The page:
With the Statue of Liberty and Ellis Island in the distance, 30 people became U.S. citizens Tuesday during an emotional ceremony at the top of One World Trade Center.
This was the first time a naturalization ceremony was held at the rebuilt site of the Sept. 11 terror attacks and the symbolism was not lost on the crowd.
“No terrorist assault can destroy the American dream,” said Judge Robert Katzmann, chief judge of the U.S. Court of Appeals for the Second Circuit.
Katzmann administered the Oath of Allegiance to 30 candidates from 19 countries — ranging from China, Bulgaria and Brazil to South Korea, Russia and India.
Each of them had to meet a number of requirements, including a knowledge of U.S. government and history and be deemed a person of “good moral character” by the U.S. Citizenship and Immigration Services to get to this point.
Keynote speaker Preet Bharara, former U.S. attorney for the Southern District of New York, gave the new citizens words of advice and encouragement while reflecting on his family’s own immigrant story.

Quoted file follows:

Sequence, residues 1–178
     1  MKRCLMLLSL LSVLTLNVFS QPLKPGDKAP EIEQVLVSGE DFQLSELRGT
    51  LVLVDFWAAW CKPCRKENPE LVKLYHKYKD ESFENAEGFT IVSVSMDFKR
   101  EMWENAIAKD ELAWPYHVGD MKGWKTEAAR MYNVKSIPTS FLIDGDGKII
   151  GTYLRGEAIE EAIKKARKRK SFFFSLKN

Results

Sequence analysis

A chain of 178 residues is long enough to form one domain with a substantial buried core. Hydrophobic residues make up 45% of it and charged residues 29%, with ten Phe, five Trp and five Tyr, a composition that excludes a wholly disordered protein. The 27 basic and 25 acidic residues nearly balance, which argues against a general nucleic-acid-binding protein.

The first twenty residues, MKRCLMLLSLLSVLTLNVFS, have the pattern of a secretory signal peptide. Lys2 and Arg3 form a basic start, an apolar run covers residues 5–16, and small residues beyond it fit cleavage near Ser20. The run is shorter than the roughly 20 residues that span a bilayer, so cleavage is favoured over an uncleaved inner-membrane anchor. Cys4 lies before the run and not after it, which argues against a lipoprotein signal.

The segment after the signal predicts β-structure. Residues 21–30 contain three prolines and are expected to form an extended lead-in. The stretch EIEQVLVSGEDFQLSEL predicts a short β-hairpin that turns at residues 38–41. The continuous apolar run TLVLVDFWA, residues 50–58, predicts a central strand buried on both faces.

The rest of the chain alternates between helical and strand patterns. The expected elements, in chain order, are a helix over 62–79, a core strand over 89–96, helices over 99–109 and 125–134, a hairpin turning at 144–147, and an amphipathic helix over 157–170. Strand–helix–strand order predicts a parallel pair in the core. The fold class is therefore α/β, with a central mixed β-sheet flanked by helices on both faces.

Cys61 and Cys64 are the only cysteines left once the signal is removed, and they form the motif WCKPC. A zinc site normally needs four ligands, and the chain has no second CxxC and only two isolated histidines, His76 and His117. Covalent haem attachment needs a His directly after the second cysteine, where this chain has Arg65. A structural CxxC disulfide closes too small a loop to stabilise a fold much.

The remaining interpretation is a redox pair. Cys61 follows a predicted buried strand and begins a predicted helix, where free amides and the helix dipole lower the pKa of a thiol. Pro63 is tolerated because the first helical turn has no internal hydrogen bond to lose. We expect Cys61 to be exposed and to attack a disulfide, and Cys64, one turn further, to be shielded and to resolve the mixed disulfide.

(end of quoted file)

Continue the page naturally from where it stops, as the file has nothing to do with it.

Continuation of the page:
He recalled how he and his brother — just young children at the time — stood with their parents at a naturalization ceremony 40 years ago in Freehold, New Jersey.
“They taught us to love our country, but also to respect our heritage,” Bharara, a distinguished scholar in residence at New York University, said of his parents. “While America was our home, India could remain in our hearts.”
Bharara’s success as a crusading prosecutor and his brother’s as an internet entrepreneur was almost overwhelming for his normally stoic father.
“He brought our family to this part of the world with only a few dollars in his pocket and hope in his heart we would have a better life in this country,” he said.
Bharara said the fact he was “nominated by the first African-American president to become the first Asian-American U.S. attorney in Manhattan — you begin to believe anything is possible in America.”
Bharara’s story hit close to home for Joydeep Roy, 45, an economist at the city’s Independent Budget Office, who took the oath.
He and his wife came to the United States from India 20 years ago for school.
“It was really interesting when people share the same background,” said Roy, who also teaches at Columbia University. “But I think all immigrants can relate.”
Elizabeth Ibanez Chavez, 20, of the Bronx, and a student at Lehman College, said she became a citizen — in part — to encourage her parents to do the same. She and her family came to the United States from Mexico five years ago.
“They came here for us to have better opportunities,” she said after the ceremony. “I hope they do this, too.”